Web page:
The BIG News (I guess nothing really important happened today). . .
. . . was opening of the William Clinton Presidential Library. "Like all presidential libraries, it's a permanent collection that presents political spin for the ages," writes Jeff Zeleny of the Chicago Tribune. I don't know that's true -- the Truman Library seems pretty balanced to me. It presents President Truman as a human being in a great office who did his imperfect best. Now that is a man I can honor.
It was a wet, rainy day in Little Rock (down on the "wrong side of the tracks"). I suppose even the clouds wept at the thought of the spin in the concrete -- and talk about spin! Clinton still can't face the fact that he and he alone was responsible for his conduct with Monica Lewinski and the fact that he lied to a Grand Jury. He has to blame the Republicans and Ken Starr (who, by the way, did a spectacular job in his investigation according to legal observors). Looks like what WJC needs more than anything is a psychiatrist!
Maybe what Congress should do is to pass a law saying that presidential libraries can't be planned (much less begun) until a certain number of years after the president dies. With the major ego gone, misinformation might not prevail. It is, after all, in the interest of future generations that the unvarnished truth be told.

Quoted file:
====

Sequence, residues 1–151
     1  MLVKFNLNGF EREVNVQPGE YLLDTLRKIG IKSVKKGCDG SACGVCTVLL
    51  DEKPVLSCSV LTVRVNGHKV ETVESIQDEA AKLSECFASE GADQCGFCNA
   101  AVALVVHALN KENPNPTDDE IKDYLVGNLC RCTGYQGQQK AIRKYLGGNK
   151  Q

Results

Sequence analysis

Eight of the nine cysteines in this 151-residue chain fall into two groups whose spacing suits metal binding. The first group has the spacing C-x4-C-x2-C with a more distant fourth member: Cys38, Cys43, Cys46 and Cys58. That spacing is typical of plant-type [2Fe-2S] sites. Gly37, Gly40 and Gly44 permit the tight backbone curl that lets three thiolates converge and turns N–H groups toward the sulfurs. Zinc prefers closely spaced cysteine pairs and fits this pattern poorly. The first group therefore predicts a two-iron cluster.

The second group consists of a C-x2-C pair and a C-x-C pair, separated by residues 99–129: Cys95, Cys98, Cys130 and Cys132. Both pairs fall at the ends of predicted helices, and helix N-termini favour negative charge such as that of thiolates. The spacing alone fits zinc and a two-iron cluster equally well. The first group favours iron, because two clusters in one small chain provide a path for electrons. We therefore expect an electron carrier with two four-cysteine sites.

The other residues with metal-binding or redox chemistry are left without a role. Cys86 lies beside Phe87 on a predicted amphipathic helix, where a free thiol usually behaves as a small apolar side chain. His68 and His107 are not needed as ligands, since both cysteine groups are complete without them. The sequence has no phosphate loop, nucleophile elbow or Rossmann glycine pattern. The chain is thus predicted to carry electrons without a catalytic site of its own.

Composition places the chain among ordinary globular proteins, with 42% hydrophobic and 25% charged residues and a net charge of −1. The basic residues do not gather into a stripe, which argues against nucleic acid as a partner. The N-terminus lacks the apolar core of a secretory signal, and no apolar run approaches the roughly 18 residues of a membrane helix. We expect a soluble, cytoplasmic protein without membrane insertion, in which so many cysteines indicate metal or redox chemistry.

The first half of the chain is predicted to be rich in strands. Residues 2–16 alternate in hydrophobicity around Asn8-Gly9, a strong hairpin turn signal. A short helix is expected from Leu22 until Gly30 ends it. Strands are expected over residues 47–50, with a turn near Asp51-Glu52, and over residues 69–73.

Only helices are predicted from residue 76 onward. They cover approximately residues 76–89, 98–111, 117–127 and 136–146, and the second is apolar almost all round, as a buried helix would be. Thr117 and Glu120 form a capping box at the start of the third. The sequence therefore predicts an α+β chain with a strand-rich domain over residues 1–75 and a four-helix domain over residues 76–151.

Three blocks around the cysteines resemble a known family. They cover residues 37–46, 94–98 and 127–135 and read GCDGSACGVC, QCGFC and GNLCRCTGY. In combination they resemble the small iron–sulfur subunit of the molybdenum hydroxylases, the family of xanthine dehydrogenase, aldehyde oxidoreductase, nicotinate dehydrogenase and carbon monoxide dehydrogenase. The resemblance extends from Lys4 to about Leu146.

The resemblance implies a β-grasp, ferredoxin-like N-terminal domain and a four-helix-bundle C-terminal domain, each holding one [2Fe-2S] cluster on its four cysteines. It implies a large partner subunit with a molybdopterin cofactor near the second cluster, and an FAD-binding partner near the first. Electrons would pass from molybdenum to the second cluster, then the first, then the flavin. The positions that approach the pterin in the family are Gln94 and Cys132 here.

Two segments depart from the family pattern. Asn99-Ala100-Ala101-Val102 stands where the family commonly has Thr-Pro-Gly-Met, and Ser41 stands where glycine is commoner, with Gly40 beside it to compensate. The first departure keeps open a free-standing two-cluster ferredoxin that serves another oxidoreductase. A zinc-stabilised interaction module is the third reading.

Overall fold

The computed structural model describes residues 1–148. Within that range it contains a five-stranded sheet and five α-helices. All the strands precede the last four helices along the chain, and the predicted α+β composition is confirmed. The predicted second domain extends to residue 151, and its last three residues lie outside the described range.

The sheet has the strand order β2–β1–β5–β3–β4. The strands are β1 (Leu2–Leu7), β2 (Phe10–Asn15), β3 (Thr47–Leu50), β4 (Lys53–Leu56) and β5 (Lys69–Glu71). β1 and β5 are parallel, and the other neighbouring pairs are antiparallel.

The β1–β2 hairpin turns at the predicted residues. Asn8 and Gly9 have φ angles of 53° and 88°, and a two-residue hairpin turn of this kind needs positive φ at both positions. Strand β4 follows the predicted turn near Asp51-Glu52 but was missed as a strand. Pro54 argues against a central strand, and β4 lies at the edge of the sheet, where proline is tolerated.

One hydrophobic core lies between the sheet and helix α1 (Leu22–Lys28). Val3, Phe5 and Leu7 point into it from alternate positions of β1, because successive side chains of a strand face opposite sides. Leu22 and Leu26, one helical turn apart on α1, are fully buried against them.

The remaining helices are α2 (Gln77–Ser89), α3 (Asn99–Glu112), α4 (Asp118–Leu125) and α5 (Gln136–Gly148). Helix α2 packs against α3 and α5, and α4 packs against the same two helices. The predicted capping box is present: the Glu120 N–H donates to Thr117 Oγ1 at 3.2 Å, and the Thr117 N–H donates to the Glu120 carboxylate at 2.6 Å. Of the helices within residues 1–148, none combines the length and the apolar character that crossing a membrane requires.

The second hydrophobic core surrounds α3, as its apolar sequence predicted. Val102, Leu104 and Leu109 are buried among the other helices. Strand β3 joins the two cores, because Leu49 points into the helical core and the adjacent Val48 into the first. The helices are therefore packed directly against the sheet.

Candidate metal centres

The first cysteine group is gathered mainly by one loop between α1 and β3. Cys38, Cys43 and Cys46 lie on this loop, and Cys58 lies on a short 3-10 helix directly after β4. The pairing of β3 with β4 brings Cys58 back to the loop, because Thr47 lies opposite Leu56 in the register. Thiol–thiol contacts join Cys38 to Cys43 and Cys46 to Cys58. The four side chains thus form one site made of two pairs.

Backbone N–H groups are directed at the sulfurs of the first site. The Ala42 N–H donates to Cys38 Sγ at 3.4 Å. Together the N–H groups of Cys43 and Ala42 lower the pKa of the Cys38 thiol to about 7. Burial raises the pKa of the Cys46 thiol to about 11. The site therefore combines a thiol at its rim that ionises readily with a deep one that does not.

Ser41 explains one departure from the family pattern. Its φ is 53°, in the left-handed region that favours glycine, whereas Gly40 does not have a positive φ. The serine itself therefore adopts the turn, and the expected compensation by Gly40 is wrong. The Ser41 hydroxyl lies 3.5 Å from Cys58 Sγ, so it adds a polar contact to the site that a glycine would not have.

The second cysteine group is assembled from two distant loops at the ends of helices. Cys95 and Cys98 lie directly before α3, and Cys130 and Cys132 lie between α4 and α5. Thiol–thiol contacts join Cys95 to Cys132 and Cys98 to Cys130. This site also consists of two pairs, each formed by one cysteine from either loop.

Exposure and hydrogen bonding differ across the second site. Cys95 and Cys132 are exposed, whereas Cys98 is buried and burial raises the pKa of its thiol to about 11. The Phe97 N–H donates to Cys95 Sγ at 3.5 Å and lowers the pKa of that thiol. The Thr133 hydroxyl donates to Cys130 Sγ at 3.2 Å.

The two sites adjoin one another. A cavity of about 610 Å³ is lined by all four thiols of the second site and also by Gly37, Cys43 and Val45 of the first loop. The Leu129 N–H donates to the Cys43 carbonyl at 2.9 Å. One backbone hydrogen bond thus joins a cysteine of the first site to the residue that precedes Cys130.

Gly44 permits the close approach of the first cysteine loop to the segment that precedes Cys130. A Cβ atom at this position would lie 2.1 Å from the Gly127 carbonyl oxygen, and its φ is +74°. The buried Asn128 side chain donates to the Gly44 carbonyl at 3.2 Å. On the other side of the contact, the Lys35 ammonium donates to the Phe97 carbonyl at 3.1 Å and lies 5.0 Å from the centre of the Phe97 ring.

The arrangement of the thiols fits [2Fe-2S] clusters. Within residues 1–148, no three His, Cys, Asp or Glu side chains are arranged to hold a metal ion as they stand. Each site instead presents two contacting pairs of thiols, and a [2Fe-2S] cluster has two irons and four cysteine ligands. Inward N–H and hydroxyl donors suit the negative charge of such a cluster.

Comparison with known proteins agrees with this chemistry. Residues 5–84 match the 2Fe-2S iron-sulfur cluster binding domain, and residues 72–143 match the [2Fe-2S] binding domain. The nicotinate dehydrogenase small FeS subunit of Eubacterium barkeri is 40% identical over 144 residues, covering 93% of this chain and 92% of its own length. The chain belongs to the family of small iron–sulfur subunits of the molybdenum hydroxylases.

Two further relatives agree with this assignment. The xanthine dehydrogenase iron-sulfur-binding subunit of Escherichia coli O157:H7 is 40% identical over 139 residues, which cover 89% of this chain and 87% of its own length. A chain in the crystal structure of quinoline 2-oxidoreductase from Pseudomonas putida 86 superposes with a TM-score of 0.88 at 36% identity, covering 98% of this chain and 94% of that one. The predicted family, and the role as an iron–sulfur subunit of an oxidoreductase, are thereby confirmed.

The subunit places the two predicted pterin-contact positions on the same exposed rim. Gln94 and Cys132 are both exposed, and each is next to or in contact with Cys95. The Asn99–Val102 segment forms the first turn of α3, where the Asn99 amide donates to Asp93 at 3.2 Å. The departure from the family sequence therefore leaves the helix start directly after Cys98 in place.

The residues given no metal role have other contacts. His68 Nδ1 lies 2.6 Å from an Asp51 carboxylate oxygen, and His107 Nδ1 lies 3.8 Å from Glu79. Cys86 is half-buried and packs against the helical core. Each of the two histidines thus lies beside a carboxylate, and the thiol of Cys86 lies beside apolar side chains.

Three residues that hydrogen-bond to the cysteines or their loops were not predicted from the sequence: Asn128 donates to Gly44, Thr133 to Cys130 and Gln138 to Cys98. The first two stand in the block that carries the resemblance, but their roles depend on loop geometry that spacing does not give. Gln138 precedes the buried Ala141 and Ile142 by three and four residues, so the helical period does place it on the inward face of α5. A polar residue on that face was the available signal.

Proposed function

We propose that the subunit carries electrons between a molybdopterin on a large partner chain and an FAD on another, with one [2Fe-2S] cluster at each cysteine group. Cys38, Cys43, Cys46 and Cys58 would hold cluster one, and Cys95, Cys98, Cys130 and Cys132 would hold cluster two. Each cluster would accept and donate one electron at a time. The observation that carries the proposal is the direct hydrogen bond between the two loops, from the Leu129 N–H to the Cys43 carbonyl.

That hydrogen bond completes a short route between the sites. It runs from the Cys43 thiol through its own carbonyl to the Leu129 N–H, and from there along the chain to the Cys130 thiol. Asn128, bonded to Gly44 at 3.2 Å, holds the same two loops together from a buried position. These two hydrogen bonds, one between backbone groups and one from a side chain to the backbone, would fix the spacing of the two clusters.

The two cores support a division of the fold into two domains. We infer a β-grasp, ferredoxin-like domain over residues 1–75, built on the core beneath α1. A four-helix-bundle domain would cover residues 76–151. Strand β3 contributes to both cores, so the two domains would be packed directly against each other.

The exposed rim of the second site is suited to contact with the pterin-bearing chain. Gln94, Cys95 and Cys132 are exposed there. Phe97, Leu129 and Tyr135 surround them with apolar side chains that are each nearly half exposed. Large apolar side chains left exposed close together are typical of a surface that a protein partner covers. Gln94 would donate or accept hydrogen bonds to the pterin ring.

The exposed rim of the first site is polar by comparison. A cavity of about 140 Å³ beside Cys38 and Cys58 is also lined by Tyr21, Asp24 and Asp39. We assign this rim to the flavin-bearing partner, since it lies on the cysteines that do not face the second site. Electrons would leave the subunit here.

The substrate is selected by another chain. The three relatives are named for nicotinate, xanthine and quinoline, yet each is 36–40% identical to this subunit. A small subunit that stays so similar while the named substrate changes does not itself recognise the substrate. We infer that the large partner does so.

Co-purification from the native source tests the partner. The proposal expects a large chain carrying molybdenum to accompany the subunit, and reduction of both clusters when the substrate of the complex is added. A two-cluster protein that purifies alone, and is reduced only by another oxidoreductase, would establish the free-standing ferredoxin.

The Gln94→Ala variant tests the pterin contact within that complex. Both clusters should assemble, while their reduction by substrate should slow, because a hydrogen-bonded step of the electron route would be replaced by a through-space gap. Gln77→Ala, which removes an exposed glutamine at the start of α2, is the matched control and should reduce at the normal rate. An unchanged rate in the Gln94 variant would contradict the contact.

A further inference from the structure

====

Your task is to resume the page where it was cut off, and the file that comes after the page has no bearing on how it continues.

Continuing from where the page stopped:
"The impeachment exhibit, titled 'The Fight for Power,' depicts the entire scandal as Republican retaliation rooted out of jealously for Democratic success. There is no air of remorse for a despicable moral lapse or mention of responsibility for lying under oath to cover up an affair. The captions etched in glass, written by former White House speechwriters under Clinton's direction, declare: 'Politics of Persecution,' and 'A New Culture of Confrontation.'" So those are the names for lying to a Grand Jury and getting away with it (which he did, because "impeachment" meant nothing to him --conviction may have hurt).
So we have a library now honoring the President who did more to bring shame and disgust to the office than any other, including Richard Nixon. Nixon only protected his friends; Clinton proved himself to be a man without honor, truth or integrity.
Perhaps, though, there wouldn't have been a Clinton library if we'd waited until history judged his presidency. That is, I suppose, the best argument for going ahead with it.
Creating a library of lies, half-truths and propaganda because he wants to be remembered as a better man than he was puts him right up there with Lenin who said "A lie told often enough becomes the truth" and Goebbels, who acted on that premise.